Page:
Lisa Rogak is the author of more than 40 books; her most recent is A Boy Named Shel, a biography of songwriter, poet, cartoonist, and children’s book author Shel Silverstein. She’s also the author of an unauthorized bio of Da Vinci Code scribe Dan Brown… but her taste in international bestselling thrillers seems to run a bit more upscale, as her holiday gift recommendation demonstrates.
Whenever one of my friends sees me headed their way with a fiendish glint in my eye and a book in my hand thrust out in their direction as if in greeting, I know they’re going to react in one of two ways: Either they quickly glance at their wrist —whether or not it is adorned by a watch—and offer up some lame excuse about how they’re late for a clambake, or they get that deer-in-headlights look and start to sprint towards me in a dead run, anxious to see what it is I’ve discovered this time…
I tend to read some pretty obscure books in the course of my research, with usually ten or more fighting for my attention at any one time, and so I do occasionally wonder about those who eagerly accept a copy of The Only Way to Learn Astrology, The Ghosts of Williamsburg, or Opus Ultimum: The Story of the Mozart Requiem from my outstretched hands. But this year, the book I most often pushed upon them is The Shadow of the Wind by Carlos Ruiz Zafon, a beautifully-written Gothic novel translated from the Spanish about a boy, a book, and a nonstop twisty mystery that usually succeeded in tearing my attention away from more important things—like deadlines—whenever I had the nerve to put it down.
And now it’s my friends’ turns to look at me wide-eyed, because I rarely read novels. But The Shadow of the Wind literally took my breath away.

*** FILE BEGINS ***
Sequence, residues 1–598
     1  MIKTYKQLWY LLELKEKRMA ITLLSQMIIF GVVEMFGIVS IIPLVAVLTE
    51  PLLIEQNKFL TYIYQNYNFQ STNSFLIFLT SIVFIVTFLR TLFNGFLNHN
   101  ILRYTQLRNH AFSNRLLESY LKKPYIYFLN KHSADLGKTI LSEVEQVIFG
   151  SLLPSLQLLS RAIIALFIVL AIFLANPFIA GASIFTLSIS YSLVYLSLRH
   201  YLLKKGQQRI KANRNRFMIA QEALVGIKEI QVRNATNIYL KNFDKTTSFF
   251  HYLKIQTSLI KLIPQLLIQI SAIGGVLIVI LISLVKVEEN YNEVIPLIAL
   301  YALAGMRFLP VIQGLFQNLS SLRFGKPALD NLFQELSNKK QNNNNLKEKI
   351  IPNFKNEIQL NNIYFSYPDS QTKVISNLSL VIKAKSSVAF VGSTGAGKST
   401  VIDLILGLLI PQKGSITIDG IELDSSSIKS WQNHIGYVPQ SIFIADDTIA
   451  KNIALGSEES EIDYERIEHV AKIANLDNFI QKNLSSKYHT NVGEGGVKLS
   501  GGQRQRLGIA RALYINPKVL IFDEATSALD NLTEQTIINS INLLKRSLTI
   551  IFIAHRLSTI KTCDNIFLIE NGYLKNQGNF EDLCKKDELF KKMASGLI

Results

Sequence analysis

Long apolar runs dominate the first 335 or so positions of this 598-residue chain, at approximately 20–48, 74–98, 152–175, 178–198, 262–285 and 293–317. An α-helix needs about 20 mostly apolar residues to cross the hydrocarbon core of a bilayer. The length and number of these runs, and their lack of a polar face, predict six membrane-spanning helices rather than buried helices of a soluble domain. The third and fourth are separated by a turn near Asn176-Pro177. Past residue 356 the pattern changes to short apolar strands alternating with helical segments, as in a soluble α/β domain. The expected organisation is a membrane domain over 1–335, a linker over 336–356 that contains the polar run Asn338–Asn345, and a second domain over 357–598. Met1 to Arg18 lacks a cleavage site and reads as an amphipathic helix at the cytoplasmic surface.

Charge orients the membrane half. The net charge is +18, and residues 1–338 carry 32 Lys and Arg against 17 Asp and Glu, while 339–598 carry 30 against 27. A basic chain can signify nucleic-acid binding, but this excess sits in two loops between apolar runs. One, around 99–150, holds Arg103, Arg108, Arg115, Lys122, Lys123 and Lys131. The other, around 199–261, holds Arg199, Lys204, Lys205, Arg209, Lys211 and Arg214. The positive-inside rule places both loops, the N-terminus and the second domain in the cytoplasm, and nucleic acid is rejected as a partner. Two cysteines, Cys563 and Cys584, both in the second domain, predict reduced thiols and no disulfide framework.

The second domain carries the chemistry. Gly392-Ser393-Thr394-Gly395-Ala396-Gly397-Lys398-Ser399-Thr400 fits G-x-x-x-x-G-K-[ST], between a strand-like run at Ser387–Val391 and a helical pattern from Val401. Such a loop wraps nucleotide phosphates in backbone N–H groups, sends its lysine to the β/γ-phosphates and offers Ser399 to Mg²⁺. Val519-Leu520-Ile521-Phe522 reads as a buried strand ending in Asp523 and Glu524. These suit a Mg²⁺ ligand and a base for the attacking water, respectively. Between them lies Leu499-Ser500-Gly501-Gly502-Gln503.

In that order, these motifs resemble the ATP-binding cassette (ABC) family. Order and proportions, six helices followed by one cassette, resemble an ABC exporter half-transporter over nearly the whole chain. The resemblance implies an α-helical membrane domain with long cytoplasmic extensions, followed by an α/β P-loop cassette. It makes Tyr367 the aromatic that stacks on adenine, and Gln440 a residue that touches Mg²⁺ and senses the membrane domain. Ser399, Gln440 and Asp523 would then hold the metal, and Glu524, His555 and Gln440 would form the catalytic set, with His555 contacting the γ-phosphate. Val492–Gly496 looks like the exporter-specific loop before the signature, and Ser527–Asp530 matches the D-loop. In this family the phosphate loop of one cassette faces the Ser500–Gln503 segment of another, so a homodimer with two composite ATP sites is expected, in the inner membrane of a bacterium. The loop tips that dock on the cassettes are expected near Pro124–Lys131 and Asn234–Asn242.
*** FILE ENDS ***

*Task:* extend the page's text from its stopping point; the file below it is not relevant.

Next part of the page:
I like to say hello and goodbye.
I like to hug but not shake hands.
I prefer to wave or nod. I enjoy
the company of strangers pushed
together in elevators of subways.
I like talking to cabdrivers
but not receptionists. I like
not knowing what to say.
I like talking to people I know
but care nothing about. I like
inviting anyone anywhere.
I like hearing my opinions
tumble out of my mouth
like toddlers tied together
while crossing the street
trusting they won’t be squashed
by fate. I like greeting-card clichés
but not dressing up or down.
I like being appropriate
but not all the time.
I could continue with more examples
but I’d rather give too few
than too many. The thought
of no one listening anymore—
I like that least of all.
From Failure; two other poems from this collection, “Specimen” and “My Wife,” appeared in Ploughshares. He will be reading from Failure at the Village Community School (272 W. 10th St.) on Monday, December 3, “book party, holiday party and general good cheer to follow,” according to the event listing.
Schultz is the founding director of the Writers Studio in New York City. In an interview back in 2000, he talks about how his poetry upended his original literary aspirations: “I always wanted to be a fiction writer. I went to Iowa as a fiction writer. In my early 20s I was lucky: stories, whatever I sent out, was published. I got an agent, and I thought I’d be a novelist. Poetry is something I did with my left hand. But all that I wanted to achieve in fiction was happening naturally in poetry. The poet was supporting the fiction writer; usually it’s the other way around. But in fiction I was absolutely obsessed with writing “agenda” material, talking about material I couldn’t distance myself from to write a story. I went to poetry as a relief from that. The more frustrated I became in one, the more successful I became in the other. “
22 November 2007 | poetry |